When is it profitable for a company to outsource, and when not?

Jan 22, 2021 Read in the blog

Based on our experience, outsourcing is most beneficial for small and medium-sized businesses. Large companies, as a rule, have entire departments that deal with various tasks, have their own contractors, and they do not need outsourcing as such. At the same time, if the company is very large, then sometimes the functions of the department are transferred to outsourcing, and the staff of the company is left with one specialist who will coordinate the work of outsourcers and resolve operational issues.

Still, when deciding on outsourcing, one should proceed of your goals, not company size. The most common goals for companies are to reduce costs, focus on priority tasks, and get quality work and external expertise. Let’s take a closer look at these goals and the benefits of outsourcing to achieve each of them.

SITUATION 1. YOU WANT TO REDUCE COSTS

How does outsourcing reduce costs?

First, outsourcing is a reduction in the wage bill. Outsourced employees pay taxes themselves, and the employer saves up to 40% of the amount of tax and insurance contributions to the state. There is also no need to pay sick leave and vacations. An outsourced employee will not get sick or quit overnight. It also includes savings on workplace equipment and rent.

How to understand that outsourcing will reduce costs in your case?

To understand that it will be profitable for you to use outsourcing, you need, first of all, to analyze how much time, financial and other resources you are spending on processes, and then compare the outsourcing offers.

For example, if you are thinking about outsourcing payroll, the first thing to look at is the number of employees. If your company employs less than 50 people, then this type of outsourcing will be profitable for you economically. The fact is that in a small business, one employee is usually employed in all areas of accounting. To relieve him and give him the management of more complex areas (for example, tasks to optimize taxation), you can outsource some of the accounting functions.

An important point when calculating costs is attention to indirect costs. For example, a company wants to outsource the supplier management function. The provider of such a company, in fact, will take on the role of signing contracts with numerous suppliers, administering them and paying for their services, consolidating all costs in a single, regular bill for the supplier.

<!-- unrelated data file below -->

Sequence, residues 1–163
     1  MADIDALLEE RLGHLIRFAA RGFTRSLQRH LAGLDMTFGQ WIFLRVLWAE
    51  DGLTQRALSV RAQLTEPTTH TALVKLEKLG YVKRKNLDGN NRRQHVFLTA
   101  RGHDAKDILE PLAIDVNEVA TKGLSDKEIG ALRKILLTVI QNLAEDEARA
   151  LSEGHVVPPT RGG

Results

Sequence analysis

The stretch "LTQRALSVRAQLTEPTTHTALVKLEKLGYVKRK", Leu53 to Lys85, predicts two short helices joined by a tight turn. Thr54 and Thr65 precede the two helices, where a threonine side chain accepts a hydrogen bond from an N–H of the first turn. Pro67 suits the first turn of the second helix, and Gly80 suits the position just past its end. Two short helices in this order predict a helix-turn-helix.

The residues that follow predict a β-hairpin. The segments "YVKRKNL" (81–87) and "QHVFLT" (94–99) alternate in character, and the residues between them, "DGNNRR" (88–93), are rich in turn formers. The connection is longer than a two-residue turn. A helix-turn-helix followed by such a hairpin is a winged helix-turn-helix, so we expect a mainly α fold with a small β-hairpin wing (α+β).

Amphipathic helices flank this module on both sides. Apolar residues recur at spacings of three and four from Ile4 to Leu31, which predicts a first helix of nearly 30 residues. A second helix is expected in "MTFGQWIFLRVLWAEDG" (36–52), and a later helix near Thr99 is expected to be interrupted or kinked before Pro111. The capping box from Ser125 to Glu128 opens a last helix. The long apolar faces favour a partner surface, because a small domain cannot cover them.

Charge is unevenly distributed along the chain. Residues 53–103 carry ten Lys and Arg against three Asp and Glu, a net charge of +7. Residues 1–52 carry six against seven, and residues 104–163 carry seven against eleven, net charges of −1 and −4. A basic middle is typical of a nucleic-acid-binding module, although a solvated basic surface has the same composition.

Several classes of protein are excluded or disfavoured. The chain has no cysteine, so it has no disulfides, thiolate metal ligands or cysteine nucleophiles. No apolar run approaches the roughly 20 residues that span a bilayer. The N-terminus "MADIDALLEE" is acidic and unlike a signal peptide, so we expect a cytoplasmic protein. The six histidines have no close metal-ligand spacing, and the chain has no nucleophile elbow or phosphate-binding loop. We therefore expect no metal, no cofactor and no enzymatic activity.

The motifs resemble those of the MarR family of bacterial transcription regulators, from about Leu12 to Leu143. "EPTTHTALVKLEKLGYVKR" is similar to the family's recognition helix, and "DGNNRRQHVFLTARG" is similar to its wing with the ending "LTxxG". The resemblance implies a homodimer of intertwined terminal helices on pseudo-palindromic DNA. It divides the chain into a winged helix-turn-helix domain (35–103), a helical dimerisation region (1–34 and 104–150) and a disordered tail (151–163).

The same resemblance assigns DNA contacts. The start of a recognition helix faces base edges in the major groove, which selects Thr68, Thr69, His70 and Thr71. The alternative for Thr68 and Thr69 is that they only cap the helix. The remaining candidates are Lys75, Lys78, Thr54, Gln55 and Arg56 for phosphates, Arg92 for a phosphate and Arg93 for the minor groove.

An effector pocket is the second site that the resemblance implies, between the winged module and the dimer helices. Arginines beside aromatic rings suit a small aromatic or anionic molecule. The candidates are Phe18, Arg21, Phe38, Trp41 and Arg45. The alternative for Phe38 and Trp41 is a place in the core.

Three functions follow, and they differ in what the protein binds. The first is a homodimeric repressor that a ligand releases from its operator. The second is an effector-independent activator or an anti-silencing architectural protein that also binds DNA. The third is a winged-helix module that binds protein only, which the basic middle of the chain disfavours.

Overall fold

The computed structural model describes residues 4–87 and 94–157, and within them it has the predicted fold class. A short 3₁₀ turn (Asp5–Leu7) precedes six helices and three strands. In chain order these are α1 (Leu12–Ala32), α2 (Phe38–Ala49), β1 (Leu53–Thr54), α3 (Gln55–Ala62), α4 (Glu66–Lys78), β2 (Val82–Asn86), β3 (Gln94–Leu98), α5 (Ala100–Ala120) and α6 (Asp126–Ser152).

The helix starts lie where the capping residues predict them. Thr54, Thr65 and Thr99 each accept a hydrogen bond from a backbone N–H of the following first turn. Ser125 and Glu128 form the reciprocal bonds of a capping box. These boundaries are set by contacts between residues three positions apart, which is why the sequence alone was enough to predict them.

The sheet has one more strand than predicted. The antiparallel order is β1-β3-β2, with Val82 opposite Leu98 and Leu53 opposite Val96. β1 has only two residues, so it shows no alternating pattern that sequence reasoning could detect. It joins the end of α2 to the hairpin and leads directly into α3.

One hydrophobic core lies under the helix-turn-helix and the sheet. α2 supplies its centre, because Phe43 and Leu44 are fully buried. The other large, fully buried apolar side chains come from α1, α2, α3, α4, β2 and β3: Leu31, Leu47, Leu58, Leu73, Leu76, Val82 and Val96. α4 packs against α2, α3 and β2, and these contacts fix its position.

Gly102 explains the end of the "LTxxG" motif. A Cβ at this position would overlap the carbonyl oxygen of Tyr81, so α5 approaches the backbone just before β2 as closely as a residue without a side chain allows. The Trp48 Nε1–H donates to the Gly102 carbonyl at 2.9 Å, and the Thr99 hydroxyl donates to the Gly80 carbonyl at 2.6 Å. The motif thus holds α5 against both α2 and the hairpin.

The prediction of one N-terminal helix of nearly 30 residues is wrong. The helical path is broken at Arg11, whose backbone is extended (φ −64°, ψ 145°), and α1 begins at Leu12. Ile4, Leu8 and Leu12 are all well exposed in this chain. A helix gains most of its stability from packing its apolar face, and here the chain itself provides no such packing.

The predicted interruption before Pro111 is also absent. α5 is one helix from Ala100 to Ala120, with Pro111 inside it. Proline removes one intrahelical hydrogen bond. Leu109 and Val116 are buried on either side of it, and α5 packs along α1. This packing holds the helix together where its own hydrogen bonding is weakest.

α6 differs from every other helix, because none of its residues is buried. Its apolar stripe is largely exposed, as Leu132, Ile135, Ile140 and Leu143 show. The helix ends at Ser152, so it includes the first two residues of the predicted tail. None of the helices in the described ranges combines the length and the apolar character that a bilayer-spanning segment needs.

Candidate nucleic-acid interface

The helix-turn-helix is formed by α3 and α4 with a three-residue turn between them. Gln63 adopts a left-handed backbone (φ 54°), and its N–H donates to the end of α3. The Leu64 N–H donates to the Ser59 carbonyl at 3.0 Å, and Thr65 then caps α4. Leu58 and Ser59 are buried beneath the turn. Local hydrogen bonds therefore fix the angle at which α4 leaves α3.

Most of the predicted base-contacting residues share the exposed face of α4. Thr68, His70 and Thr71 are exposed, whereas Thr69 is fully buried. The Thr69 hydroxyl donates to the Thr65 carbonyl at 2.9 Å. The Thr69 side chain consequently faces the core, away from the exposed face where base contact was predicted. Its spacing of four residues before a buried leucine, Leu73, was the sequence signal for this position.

With this approach, the company saves:

– the time resources of the purchasing department. Considering that a large company, in any of the functions, may have hundreds of suppliers (and each with its own contract and specifics), the company can save a lot of working hours of its employees

– it saves on control of functions. The provider, as a rule, by consolidating and automating the processes, provides the client with a transparent picture of this function. The client does not additionally need to check and double-check the provider’s activities, since it is all reflected, for example, in the IT system that was implemented by the provider to manage this function

– saving on recruitment and training of specialists. When outsourcing a function, a provider undertakes to ensure its continuity (within the framework of work processes). This means that the provider also takes care of all the issues related to their selection and registration of all the issues related to the hiring of executing specialists.

SITUATION 2. YOU WANT FOCUS ON THE KEY BUSINESS FUNCTIONS

Again, it is not important for all companies to reduce financial costs. For some, the most important thing is to give non-priority functions to an expert, since they take up a lot of resources and attention. In this case, the main goal is to focus on core tasks and gain expertise in managing the function, as well as cost savings. First, you can buy ready-made solutions, infrastructure, specialists and not spend money on training. Secondly, outsourcing is about transparency, since the result is assessed by the result, not the process. Thirdly, it is easier to change an outsourcer than a full-time employee.

For example, you need to go through a check of the personnel documents of a company that has recently become part of the holding. Outsourcing will also help if the departments of the company, such as accounting, lawyers, marketing, cannot cope with the load caused by a sharp increase in the number of counterparties. Transferring these processes to a contractor will save time, effort and money on finding highly qualified personnel. Including you do not have to deal with registration of staff, payment of contributions, calculation of taxes, etc.

SITUATION 3. YOU NEED AN EXTERNAL EXPERTISE

For example, you provide legal support to staff in case of constant changes in requirements or form a talent pool in the face of staff turnover.

In these cases, it is easier to attract outside professionals who will be able to share their knowledge and suggest what problems you will face in your work and how they can not only be solved, but also prevented.

How to choose an outsourcing provider, in the checklist below.

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